Mohács

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Mohács

(mô`häch), town (1991 est. pop. 20,325), S Hungary, on the Danube. It is an important river port and railroad terminus and has metallurgical and timber industries. Mohács is best known for the crushing defeat (Aug. 29, 1526) there of Louis II of Hungary and Bohemia by Sulayman I of Turkey. Hungary was ill-prepared for the attack, and when Louis hastily tried to unite Hungary and Christendom behind him, only the pope sent help. With a poorly equipped and badly organized army of 28,000, Louis joined battle with a Turkish army of 200,000. The king and almost 25,000 of his army were killed in the battle; the rest were taken captive and massacred. The defeat brought with it more than 150 years of Ottoman domination in Hungary. At Mohács are monuments to the slain, regarded ever since as martyrs to Christianity and to Hungarian independence. Mohács was also the scene (1687) of a Turkish defeat by Charles V of Lorraine, which hastened the end of Turkish rule in Hungary.

Mohács

 

a city in southern Hungary, in the megye (county) of Baranya near the Yugoslav border. Population, 19, 600 (1970). Port on the Danube. Wood-fiber slabs are manufactured; a silk fabrics factory and flour mills are also located there.

Major battles took place near Mohács in 1526 and in 1687. The latter took place during the Austro-Turkish War of 1683–99 and ended in defeat for the Turkish Army.

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References in periodicals archive ?
Paolo Giovio wrote his Commentario de le cose de' Turchi for Emperor Charles V in the wake of the devastating Ottoman victory at Mohacs in 1526.
We didn't quite understand these words, but it was clearly a big deal: the "Disaster at Mohacs.
These masked men paddling in the River Danube are celebrating the annual Busho Festival, which takes place in the streets of Mohacs, Hungary.
Die Ubersetzungen der "Strategie der Entwicklung der estnischen Sprache (2004-2010)" in die ungarische und in die finnische Sprache (Eestin kielen kehittamisohjelma, Tartto 2005; Az eszt nyelv fejlesztesi strategiaja (2004-2010), Szombathely 2005) lieferten wohl dem ungarischen Botschafter Istvan Mohacs und dem finnischen Botschafter Jaakko Kalela den Anlass, sich an diesem Unternehmen zu beteiligen und beide betonten die Notwendigkeit um die Sorge und Erhaltung aller finnisch-ugrischen Sprachen.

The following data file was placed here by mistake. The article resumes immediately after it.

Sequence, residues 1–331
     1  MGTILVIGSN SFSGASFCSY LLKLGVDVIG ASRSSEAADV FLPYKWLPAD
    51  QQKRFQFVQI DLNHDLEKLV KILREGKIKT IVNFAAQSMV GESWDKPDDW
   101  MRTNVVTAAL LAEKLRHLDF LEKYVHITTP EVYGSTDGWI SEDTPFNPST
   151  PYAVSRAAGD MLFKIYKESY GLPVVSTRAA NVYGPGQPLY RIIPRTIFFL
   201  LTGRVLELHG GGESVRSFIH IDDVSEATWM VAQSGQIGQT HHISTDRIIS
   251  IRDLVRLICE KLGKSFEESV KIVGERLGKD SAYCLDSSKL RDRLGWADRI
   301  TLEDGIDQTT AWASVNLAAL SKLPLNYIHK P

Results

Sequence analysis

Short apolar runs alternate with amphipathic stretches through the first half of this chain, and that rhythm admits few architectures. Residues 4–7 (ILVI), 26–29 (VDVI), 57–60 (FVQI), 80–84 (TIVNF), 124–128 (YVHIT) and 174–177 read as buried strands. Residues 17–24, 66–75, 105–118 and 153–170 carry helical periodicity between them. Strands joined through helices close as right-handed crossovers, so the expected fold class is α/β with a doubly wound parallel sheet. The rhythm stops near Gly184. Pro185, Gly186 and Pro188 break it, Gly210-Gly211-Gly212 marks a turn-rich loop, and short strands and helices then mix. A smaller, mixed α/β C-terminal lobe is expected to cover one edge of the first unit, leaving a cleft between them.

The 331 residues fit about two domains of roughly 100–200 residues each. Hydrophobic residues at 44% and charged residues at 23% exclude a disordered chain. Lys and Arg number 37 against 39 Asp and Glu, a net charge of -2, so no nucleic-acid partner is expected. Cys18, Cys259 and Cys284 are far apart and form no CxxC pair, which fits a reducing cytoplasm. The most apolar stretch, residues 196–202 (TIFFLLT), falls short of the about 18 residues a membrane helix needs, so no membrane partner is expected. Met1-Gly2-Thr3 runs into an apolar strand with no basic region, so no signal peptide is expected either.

And while Master Sun definitely deserves to be read, today's executives might get a bit more from learning of the ill-fated Battle of Mohacs, and how the tragedy that transpired there might inspire them not to repeat the mistakes of the past.
Mr Davies said he recently married his wife Aliz in her home village of Mohacs, in Hungary, and the traditional wedding celebrations would have been banned by health and safety officials here.
Suleyman famously defeated the Hungarian army at Mohacs in 1526.
Consider some examples: Masada (73 AD) for Jews; Hastings (1066) for the English; Kosovo (1389) for Serbians; Mohacs (1526) for Hungarians; the Plains of Abraham (1759) for the French; Culloden (1746) for Scots; the Battle of the Boyne (1690) for Protestant Irish; Gallipoli (1916) for Australians; Vimy Ridge (1917) for Canadians.
In the labor camp at Bor, Radnoti had the privilege of being kept in the (rat and lice-infested) hut reserved for baptized Jews; and in a little hell called Mohacs, he worked for the Wehrmacht on the first floor of a building in which unconverted Jews did the same work on the second.
In 1526, the Muslim Turks defeated the Hungarians at Mohacs.
When the last Hungarian king, Lajos II, died on the battlefield at Mohacs in 1526 fighting the Turks, the Austrian emperor became also the king of the Hungarians and of all the lands the Hungarian king used to rule.
Stephan pinned his colours to the mast of the Habsburgs and was killed at the battle of Mohacs in Hungary in 1526, the battle which saw Hungary or most of it become part of the Ottoman empire.